This is the first in a series of essays related to an ongoing research project. The research is focused upon developing a Farm-To-Institution distribution program in New York State. A more detailed description of this work can be found under Ongoing Research, in the Research section of this site.
During a recent conversation with Christina Grace, of the New York State Department of Agriculture and Markets (NYSDAM), my research questions prompted her to mention the common food service providers of hospitals and prisons. In many cases, these institutions are serviced by providers like Aramark, Sodexo, and Chartwells. The usuals. Of course they are, yet it wasn’t something I’d thought about. Christina’s was the first interview Sam and I had done, in our work concerning farm-to-hospital and farm-to-prison distribution.
My first reaction was to want to whip our project clear around and embark again in the opposite direction.
NYU works with Aramark, as do many public and private universities and colleges across the country. In the early stages of our ongoing efforts to change the food sources in our school dining halls, Sam and I and many students, primarily organized by the Real Food Challenge, learned how to read our food service provider’s contracts. We may have primarily looked for the date on which the contracts would end, but many students – particularly those from large schools like NYU – learned how to negotiate, to wade through the bureaucracy, to talk to company representatives about releasing their purchasing data, to discuss whether the company executives might approve sourcing from a small distributor that might feed one ingredient to one college, rather than the entire kitchen to the entire nation. The results were not negligible – NYU now has a pilot local and organic dining hall, fair trade coffee in all seven dining halls, and Aramark may eventually work with the New York farmers markets. But working towards these changes felt mildly like convincing Wal-Mart to sell Organic, or Starbucks to buy Fair Trade. Aramark would certainly strategically adjust, but their heart would never be in it.
Now, in the initial stages of our new project, Sam and I have focused upon learning from alternative Farm-to-Institution distribution programs around the country, with the ultimate goal of writing a proposal (for a policy, or an organization, or a business) that will create a Farm-to-Institution program in New York State, particularly to service hospitals and prisons. I have been excited to think of this as very different from our work with our individual universities – a different constituency, a different structure, a different (more invisible) need, a different sort of potential for change. And so when I heard Aramark, I wasn’t excited. I had wanted to do something more creative than propose the same changes in a different contract.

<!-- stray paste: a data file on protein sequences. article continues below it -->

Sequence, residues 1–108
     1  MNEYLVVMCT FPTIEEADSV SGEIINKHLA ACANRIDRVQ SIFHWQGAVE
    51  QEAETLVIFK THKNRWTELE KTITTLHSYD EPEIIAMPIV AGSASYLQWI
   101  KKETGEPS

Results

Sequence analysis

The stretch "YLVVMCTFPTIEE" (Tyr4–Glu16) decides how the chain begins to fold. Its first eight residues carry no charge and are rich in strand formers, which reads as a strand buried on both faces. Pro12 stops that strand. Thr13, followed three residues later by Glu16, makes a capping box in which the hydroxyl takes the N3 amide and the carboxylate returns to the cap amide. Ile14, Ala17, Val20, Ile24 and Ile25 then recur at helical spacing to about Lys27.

The other interesting aspect of the conversation with Christina was that although she had a lot to say, she switched her focus early on to her work with public schools. She spoke of the numerous initiatives of the School Food program, of the sliced apples and the carrot coins, the yogurt, and the school gardens. There are certainly scattered projects across the country addressing hospitals, and prisons, and NYSDAM is looking at starting something with hospitals in New York, but there’s nothing on the ground yet. The School Food program, after all, is an ongoing struggle, and it only started in 2002. But it was disappointing to hear that there haven’t been more efforts to serve other institutions.
It took two days for the underlying conversation to rise above my superficial discontent. I’ve never heard much about patients and prisoners getting access to local, organic, fresh, healthy foods in New York. That was part of my motivation for this project. But I hadn’t realized what an integral puzzle piece they were in the food movement; how perfectly, predictably, they are a part of the big picture. New York policy has really only acted upon concern for school children. The 2002 school food legislation demands that, “The State Education Department should collect information from schools and other educational institutions that are interested in purchasing New York farm products and share that information with interested farmers and farm organizations across the State….The schools would then be notified by the State of the availability of the products.”
This bill was and is a wonderful step in the right direction, but it significantly ignores the interconnectedness of all major institutions, considering the vast number of meals they must provide, the few providers they source from, the purchasing power they possess together, and the potential benefit of a policy like that of 2002 for the State Departments of Education, of Health, and of Correctional Services – all together! This sort of demand would no longer clamber up the big bad supply chains, reaching for a chance to make a difference. This sort of demand would be a Giant for those beanstalks. A new distribution system would have to grow to serve it, stronger, and closer to the ground.
The idea that specific institutions can band together to make their demands heard is not a new one. So far, primarily, public schools have come together with public schools, and universities with universities, to demand access to the local products that are available. These focused efforts have not been easy nor yet “successful,” and it may feel as though broadening their focus will only complicate and slow the progress that has already been made. This may be true. But as the force behind a movement that claims a sort of holistic integrity, the community working to create a more sustainable food system cannot neglect the state of our health care system nor ignore the industries that control our prisons. These are the trademarks of an era we have in fact elected to end, but now it is our job to connect ALL the dots.